The scope of these verses is to show that when God is coming towards us in a way of mercy we must go forth to meet him in a way of duty.
I. God here tells us what are his intentions of mercy to us (Isa. 56:1): My salvation is near to come—the great salvation wrought out by Jesus Christ (for that was the salvation of which the prophets enquired and searched diligently, 1 Pet. 1:10), typified by the salvation of the Jews from Sennacherib or out of Babylon. Observe, 1. The gospel salvation is the salvation of the Lord. It was contrived and brought about by him; he glories in it as his. 2. In that salvation God’s righteousness is revealed, which is so much the beauty of the gospel that St. Paul makes this the ground of his glorying in it. (Rom. 1:17), because therein is the righteousness of God revealed from faith to faith. The law revealed that righteousness of God by which all sinners stand condemned, but the gospel reveals that by which all believers stand acquitted. 3. The Old-Testament saints saw this salvation coming, and drawing near to them, long before it came; and they had notice by the prophets of its approach. As Daniel understood by Jeremiah’s books the approach of the redemption out of Babylon, at the end of seventy years, so others understood by Daniel’s books the approach of our redemption by Christ at the end of seventy weeks of years.
II. He tells us what are his expectations of duty from us, in consideration thereof. Say not, “We see the salvation near, and therefore we may live as we list, for there is no danger now of missing it or coming short of it;” that is turning the grace of God into wantonness. But, on the contrary, when the salvation is near double your guard against sin. Note, The fuller assurances God gives us of the performance of his promises the stronger obligations he lays us under to obedience. The salvation here spoken of has now come; yet, there being still a further salvation in view, the apostle presses duty upon us Christians with the same argument. Rom. 3:11; Now is our salvation nearer than when we believed. That which is here required to qualify and prepare us for the approaching salvation is,
1. That we be honest and just in all our dealings: Keep you judgment and do justice. Walk by rule, and make conscience of what you say and do, that you do no wrong to any. Render to all their dues exactly, and, in exacting what is due to you, keep up a court of equity in your own bosom, to moderate the rigours of the law. Be ruled by that golden rule, “Do as you would be done by.” Magistrates must administer justice wisely and faithfully. This is required to evidence the sincerity of our faith and repentance, and to open the way of mercy. Repent for the kingdom of heaven is at hand. God is true to us; let us be so to one another.
2. That we religiously observe the sabbath day, Isa. 56:2. We are not just if we rob God of his time. Sabbath-sanctification is here put for all the duties of the first table, the fruits of our love to God, as justice and judgment are put for all those of the second table, the fruits of our love to our neighbour. Observe, (1.) The duty required, which is to keep the sabbath, to keep it as a talent we are to trade with, as a treasure we are entrusted with. “Keep it holy; keep it safe; keep it with care and caution; keep it from polluting it. Allow neither yourselves nor others either to violate the holy rest or omit the holy work of that day.” If this be intended primarily for the Jews in Babylon, it was fit that they should be particularly put in mind of this, because when, by reason of their distance from the temple, they could not observe the other institutions of their law, yet they might distinguish themselves from the heathen by putting a difference between God’s day and other days. But it being required more generally of man, and the son of man, it intimates that sabbath-sanctification should be a duty in gospel times, when the bounds of the church should be enlarged and other rites and ceremonies abolished. Observe, Those that would keep the sabbath from polluting it must put on resolution, must not only do this, but lay hold on it, for sabbath time is precious, but is very apt to slip away if we take not great care; and therefore we must lay hold on it and keep our hold, must do it and persevere in it. (2.) The encouragement we have to do this duty: Blessed is he that doeth it. The way to have the blessing of God upon our employments all the week is to make conscience, and make a business, of sabbath-sanctification; and in doing so we shall be the better qualified to do judgment and justice. The more godliness the more honesty, 1 Tim. 2:2.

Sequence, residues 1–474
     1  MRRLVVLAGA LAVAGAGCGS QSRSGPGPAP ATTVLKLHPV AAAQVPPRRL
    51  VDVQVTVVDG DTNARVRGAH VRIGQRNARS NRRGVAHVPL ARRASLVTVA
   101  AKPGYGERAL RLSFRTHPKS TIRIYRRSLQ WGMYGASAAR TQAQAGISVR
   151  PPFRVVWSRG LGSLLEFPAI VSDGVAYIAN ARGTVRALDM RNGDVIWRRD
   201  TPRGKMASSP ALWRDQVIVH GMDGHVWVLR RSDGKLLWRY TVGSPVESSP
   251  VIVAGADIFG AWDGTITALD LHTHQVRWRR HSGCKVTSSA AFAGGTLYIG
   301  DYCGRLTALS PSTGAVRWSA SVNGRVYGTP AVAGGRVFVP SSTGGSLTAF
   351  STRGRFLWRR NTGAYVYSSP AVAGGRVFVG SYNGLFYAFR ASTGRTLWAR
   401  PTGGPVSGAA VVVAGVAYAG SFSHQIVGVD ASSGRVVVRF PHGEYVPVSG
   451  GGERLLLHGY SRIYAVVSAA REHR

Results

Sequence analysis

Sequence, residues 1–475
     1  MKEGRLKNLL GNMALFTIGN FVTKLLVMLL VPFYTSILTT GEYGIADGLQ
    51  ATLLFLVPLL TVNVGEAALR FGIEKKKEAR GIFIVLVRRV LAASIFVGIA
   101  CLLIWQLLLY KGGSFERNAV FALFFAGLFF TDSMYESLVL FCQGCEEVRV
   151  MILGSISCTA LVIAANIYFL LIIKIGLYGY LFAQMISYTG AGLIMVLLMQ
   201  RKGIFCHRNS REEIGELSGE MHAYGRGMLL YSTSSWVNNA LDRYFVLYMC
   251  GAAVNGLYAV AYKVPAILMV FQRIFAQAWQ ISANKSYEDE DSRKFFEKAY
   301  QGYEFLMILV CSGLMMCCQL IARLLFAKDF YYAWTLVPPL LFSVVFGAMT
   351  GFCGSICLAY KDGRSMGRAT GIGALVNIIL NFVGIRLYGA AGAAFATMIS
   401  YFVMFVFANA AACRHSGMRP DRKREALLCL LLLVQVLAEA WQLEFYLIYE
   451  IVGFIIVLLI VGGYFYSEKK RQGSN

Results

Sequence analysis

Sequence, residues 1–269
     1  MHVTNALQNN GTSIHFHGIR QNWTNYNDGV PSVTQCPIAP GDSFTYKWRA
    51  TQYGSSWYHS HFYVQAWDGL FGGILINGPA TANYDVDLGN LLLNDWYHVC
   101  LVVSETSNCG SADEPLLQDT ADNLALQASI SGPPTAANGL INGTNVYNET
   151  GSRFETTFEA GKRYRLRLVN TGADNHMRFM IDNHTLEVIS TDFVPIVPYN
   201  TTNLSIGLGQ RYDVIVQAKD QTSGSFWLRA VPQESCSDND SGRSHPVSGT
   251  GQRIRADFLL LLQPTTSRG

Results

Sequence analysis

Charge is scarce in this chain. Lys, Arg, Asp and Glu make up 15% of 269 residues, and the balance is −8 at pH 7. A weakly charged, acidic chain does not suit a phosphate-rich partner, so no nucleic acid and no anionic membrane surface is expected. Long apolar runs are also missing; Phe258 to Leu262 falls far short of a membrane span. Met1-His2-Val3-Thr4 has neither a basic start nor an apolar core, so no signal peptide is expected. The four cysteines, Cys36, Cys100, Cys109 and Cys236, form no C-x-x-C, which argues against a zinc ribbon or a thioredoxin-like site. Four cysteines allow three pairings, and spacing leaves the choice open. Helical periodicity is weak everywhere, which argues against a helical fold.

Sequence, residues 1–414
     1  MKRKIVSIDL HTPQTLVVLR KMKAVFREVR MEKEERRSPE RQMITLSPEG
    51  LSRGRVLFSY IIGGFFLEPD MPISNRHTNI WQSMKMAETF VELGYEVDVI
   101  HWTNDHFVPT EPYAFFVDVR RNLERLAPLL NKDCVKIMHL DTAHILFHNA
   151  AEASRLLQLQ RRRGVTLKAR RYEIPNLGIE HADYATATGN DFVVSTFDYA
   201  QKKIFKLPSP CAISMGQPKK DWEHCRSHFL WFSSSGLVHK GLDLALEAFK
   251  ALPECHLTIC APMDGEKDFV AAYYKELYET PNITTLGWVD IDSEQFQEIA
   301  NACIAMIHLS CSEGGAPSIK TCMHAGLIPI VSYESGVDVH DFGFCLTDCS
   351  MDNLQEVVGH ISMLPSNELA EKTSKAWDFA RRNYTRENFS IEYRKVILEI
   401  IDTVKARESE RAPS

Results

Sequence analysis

3. That we have nothing to do with sin: Blessed is the man that keeps his hand from doing evil, any wrong to his neighbour, in body, goods, or good name—or, more generally, any thing that is displeasing to God and hurtful to his own soul. Note, The best evidence of our having kept the sabbath well will be a care to keep a good conscience all the week. By this it will appear that we have been in the mount with God if our faces shine in a holy conversation before men.
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